We can sell direct to Amazon and work with Vendor Central. This move basically takes a definite cost/benefit analysis as Amazon (obviously) wants to pay as little as possible for your product. It can be easy to simply look at the numbers for a PO and think it is a good deal – it certainly can be, but not always. With Vendor Central, Amazon is basically a distributor and that comes with the advantage that they handle everything from fulfillment and returns to customer inquiries and some marketing. We still have to deal with Amazon fees and surcharges and stocking fees, but we essentially ship to Amazon distribution centers, Amazon pays for shipping, and then Amazon takes care of everything else. There are plenty of times where Amazon offers us a price for our product that does not make sense for us, but there are times where we make a better margin from Amazon.

We can sell FBA (Fulfillment by Amazon) on Amazon. Potentially a windfall if everything works out in your favor. You have to pay all of Amazon’s fees – shipping, storage, FBA fees, return fees, etc – but once you are in Amazon’s distribution centers you have easy access to the coveted Prime Badge. FBA essentially ensures that your product can be in any customer’s hands in 2 days (sometimes 1 day), that Amazon handles returns and customer inquiries and gives your product the best chance to win the Buy Box. But you are at Amazon’s whims 100% and their decisions can change your business dramatically, potentially good and bad. (More on that shortly)

We can work with a 3rd Party Logistics company. This gives us warehouses that we can stock our product in across the country, thus giving us the reach where we can deliver orders in 2-3 days. Unfortunately, these are also expensive as you have to pay for the 3PL’s (Third Party Logistics) fees as well as Amazon’s fees as well as carrier’s fees. Those add up. For us, that meant that we could only keep a 3PL stocked with our higher margin products. While they are higher margin, they also have a lower sales velocity and storage fees eat into that margin pretty quickly. On top of that, using someone else for fulfillment when they are not directly connected to your Amazon storefront (the way a reseller is) means that you are 2-3 steps removed from the actual fulfillment. If there is a problem with an order, you have to talk to your account manager who then talks to a warehouse manager who then talks to their fulfillment staff and the process is reversed to find out what happened and how to fix it.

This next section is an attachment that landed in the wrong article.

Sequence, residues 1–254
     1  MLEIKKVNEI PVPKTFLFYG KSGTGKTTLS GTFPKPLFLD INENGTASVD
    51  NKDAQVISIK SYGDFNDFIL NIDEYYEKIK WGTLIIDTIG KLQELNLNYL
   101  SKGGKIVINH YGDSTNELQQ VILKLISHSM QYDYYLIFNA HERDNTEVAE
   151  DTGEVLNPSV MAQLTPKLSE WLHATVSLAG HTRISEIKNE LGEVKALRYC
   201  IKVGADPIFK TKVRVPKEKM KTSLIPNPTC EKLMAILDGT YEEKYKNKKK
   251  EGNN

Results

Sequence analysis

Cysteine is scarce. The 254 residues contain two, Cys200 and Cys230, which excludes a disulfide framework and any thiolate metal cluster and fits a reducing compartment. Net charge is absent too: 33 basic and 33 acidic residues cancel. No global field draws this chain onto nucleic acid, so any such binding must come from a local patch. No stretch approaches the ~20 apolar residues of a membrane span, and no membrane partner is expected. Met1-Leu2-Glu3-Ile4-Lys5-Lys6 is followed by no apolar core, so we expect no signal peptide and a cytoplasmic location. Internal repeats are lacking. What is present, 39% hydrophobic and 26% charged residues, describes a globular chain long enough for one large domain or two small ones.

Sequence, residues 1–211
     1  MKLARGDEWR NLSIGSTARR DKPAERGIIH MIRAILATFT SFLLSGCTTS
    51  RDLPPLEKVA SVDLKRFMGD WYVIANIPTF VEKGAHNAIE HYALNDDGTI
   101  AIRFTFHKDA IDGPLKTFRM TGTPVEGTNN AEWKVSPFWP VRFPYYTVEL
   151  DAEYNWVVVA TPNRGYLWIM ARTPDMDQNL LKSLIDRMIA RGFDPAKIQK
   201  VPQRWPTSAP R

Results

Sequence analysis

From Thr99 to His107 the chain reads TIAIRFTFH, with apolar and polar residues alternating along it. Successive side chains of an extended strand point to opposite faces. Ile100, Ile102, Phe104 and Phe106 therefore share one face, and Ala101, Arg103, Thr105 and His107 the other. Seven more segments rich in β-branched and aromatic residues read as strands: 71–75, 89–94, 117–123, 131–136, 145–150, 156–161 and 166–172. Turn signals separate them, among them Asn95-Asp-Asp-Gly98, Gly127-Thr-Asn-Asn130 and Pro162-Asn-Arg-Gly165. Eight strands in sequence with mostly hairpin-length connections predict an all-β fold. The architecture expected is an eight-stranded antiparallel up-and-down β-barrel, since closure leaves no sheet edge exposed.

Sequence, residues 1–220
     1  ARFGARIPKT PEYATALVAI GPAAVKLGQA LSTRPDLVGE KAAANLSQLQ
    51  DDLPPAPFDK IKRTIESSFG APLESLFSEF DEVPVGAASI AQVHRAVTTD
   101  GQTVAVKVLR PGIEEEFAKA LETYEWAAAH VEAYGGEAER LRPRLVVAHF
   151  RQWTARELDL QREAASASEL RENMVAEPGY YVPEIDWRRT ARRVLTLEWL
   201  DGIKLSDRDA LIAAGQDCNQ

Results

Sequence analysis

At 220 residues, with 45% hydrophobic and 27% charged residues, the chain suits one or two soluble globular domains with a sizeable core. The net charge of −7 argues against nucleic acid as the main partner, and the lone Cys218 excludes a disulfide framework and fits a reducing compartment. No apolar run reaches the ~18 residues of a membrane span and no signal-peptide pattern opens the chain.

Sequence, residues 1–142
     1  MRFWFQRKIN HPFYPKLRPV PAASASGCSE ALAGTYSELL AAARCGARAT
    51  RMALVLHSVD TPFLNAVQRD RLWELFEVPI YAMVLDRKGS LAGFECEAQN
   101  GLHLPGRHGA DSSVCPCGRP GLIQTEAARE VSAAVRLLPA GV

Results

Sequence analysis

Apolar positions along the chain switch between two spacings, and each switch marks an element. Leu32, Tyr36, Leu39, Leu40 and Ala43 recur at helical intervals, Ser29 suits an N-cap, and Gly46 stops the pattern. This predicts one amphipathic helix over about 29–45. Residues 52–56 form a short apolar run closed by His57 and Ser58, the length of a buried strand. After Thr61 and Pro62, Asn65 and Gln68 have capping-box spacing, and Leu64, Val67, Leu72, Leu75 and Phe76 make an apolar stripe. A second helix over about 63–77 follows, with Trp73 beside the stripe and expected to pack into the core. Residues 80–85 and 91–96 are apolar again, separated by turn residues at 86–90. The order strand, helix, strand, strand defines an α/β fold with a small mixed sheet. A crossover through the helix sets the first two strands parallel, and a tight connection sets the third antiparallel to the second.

We can work with 3rd party resellers. Essentially the same as Amazon Vendor Central, but in this case we get to work with real people, we can negotiate terms, we typically have an account manager and we can enforce MAP while co-op advertising or even advertising on our own to drive traffic to reseller’s listings. There are a ton of 3rd party resellers out there ranging from massive companies with warehouses and distribution centers all across the US – or strategically placed DCs – to fly by night operations that work out of the back of seeming legitimate businesses.

In order to maximize our efforts, we work with Amazon Vendor Central and 3rd party resellers. The trick here is limiting the amount of resellers in order to maximize the revenue potential for our authorized resellers. The other trick here is maintaining beneficial resellers in a balance while each is pushing for exclusivity.

Amazon Suppressed Your Listings?

One of the biggest issues with Amazon is that you are completely at their whims. Back in early November, I received one of the most nausea-inducing emails I have ever gotten. Amazon – without warning, without precedent – emailed to let me know that they had suppressed our listings. Worst of all, no reason was given. I had to submit hundreds of cases to figure out why our listings were suppressed. Turns out, Amazon wouldn’t allow statements about oxygen helping a hangover.

To be clear, we were not even directly selling on Amazon and Amazon suppressed our listings when we had updated our content and had removed the language that Amazon suppressed our listings for.

Again, an example of how Amazon changing a policy can alter your course of business – both good and bad.

Back in the Driver’s Seat in 2021

We are still working to get the final ASINs (Amazon Standard Identification Numbers), but after more than two months of work submitting cases for every single ASIN in our catalog almost all of our listings are active. Oddly enough, the suppression of our ASINs has helped us clean up our appearance on Amazon a bit and even helped to realign our listings more and more.

I could probably write another 2-3 pages about our experiences with Amazon in 2020, but hopefully this helps anyone (or any businesses) looking for advice about selling on Amazon. It’s a small glimpse into what you can expect in working with the largest retailer in the world! Thanks for reading!